|Publication number||US4314010 A|
|Application number||US 06/192,003|
|Publication date||Feb 2, 1982|
|Filing date||Sep 29, 1980|
|Priority date||Sep 29, 1980|
|Also published as||DE3168336D1, EP0049086A1, EP0049086B1|
|Publication number||06192003, 192003, US 4314010 A, US 4314010A, US-A-4314010, US4314010 A, US4314010A|
|Inventors||Demetrios V. Louzos|
|Original Assignee||Union Carbide Corporation|
|Export Citation||BiBTeX, EndNote, RefMan|
|Patent Citations (6), Classifications (8), Legal Events (3)|
|External Links: USPTO, USPTO Assignment, Espacenet|
The invention relates to a solid state cell, employing a charge transfer complex cathode in which particles of an electron donor, i.e. poly-2-vinylpyridine, are at least partially embedded into the anode of the cell so as to effectively increase the anode/cathode interfacial area.
Ionic conductivity is usually associated with the flow of ions through an aqueous solution of metallic salts. In the vast majority of practical uses of ionic conductors, e.g., as electrolytes for dry cell batteries, the aqueous solution is immobilized in a paste or gelled matrix to overcome the difficulties associated with handling and packaging a liquid. However, even after immobilization, the system is still subject to possible leakage, has a limited shelf life due to drying out or crystallization of the salts and is suitable for use only within a limited temperature range corresponding to the liquid range of the electrolyte. In addition, the necessity of including a large volume of immobilizing material has hindered the aims of miniaturization.
In attempting to overcome the shortcomings of liquid systems, investigators have surveyed a large number of solid compounds hoping to find compounds which are solid at room temperature and have ionic conductances approaching those exhibited by the commonly used liquid systems. Such compounds have specific conductances at room temperature (20° C.) in the range of 10-6 to 10-15 ohm-1 cm-1 as compared to aqueous solutions of salts which typically have a specific conductance of 0.5 to 0.05 ohm-1 cm-1.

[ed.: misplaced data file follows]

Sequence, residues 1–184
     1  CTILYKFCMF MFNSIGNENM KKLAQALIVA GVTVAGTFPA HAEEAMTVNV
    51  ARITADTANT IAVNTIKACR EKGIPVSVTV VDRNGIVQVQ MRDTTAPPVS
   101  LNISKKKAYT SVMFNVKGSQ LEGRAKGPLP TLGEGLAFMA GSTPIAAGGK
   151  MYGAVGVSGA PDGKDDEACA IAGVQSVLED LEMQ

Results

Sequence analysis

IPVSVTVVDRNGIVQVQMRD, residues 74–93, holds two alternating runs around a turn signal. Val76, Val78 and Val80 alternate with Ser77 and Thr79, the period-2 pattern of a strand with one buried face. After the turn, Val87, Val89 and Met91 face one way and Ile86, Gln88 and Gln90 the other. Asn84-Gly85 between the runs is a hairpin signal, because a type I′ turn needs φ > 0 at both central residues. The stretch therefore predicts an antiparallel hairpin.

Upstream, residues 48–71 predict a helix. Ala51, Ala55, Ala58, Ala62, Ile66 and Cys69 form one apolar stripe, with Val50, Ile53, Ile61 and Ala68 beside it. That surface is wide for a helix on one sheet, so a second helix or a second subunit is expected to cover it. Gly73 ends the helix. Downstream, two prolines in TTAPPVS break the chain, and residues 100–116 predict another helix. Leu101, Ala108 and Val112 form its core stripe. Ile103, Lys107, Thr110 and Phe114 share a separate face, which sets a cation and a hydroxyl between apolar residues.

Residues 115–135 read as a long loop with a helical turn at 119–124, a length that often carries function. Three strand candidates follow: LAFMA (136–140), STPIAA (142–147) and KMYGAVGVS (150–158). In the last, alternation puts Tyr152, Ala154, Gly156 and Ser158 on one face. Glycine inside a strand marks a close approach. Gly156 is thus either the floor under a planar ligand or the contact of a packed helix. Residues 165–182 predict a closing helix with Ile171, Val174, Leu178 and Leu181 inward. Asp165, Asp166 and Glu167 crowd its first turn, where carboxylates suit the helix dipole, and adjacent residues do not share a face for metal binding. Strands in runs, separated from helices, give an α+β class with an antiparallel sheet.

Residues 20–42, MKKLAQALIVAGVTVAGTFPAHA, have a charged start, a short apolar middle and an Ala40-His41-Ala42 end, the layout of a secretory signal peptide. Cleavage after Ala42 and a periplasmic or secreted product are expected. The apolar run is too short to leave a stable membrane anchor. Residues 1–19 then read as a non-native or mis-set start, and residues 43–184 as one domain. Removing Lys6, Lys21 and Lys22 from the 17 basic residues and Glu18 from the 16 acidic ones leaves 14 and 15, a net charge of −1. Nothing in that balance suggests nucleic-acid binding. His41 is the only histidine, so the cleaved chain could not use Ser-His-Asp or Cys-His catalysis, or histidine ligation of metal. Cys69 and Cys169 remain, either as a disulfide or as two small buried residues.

Improved microelectronic circuit designs have generally decreased the current requirements for electronic devices. This in turn has enhanced the applicability of solid electrolyte power sources which usually can only deliver currents in the microampere range. These solid electrolyte systems have the inherent advantages of being free of electrolyte leakage and internal gassing problems due to the absence of a liquid phase and corrosion phenomena. In addition, they also have a much longer shelf life than the conventional liquid electrolyte power sources.
Gutman et al. J. Electrochem. Soc., 114, 323 (1967) discloses solid state cells utilizing cathodes of electronically conducting charge transfer complexes and anodes of selected divalent metals. U.S. Pat. No. 3,660,163 discloses solid state lithium-iodine primary cells employing a lithium anode, a solid state lithium halide electrolyte and a conductive cathode of organic materials, such as polycyclic aromatic compounds, organic polymers, heterocyclic nitrogen-containing compounds, and the like, and iodine. U.S. Pat. No. 3,660,164 discloses solid state cells utilizing as a cathode a charge transfer complex in which the acceptor component is the halogen and the donor component is an organic compound, typically aromatic or heterocyclic.
Although various solid state cells employing charge transfer complex cathodes have been recited in the art, it has been observed that during discharge the current and voltage drop relatively early thus limiting their use in some applications. It is therefore an object of the present invention to provide a solid state cell in which the current and voltage remain relatively high during discharge.
Another object of the present invention is to provide a solid state cell employing a cathode comprising a charge transfer complex in which particles of an electron donor are at least partially embedded into the cell's anode.
Another object of the present invention is to provide a solid state cell employing a charge transfer complex and in which the anode/cathode interfacial area is effectively increased by embedding particles of an electron donor of a charge transfer complex into the anode.
The foregoing and additional objects will become more fully apparent from the following description.
The invention relates to a solid state cell comprising an anode, a solid electrolyte and a charge transfer complex cathode in which the complex is the reaction product of a first electron donor and an electron acceptor; the improvement wherein a minor amount of a second electron donor in particulate form is at least partially embedded in the anode and said second electron donor being at least partially exposed to the electron acceptor so that it effectively provides a network extension of a complex cathode into the anode having an electrolyte interface therebetween. An extended network shall mean a substantial interconnected structure of a donor.x acceptor complex which is directly or indirectly electronically connected to the cathodic terminal of the cell.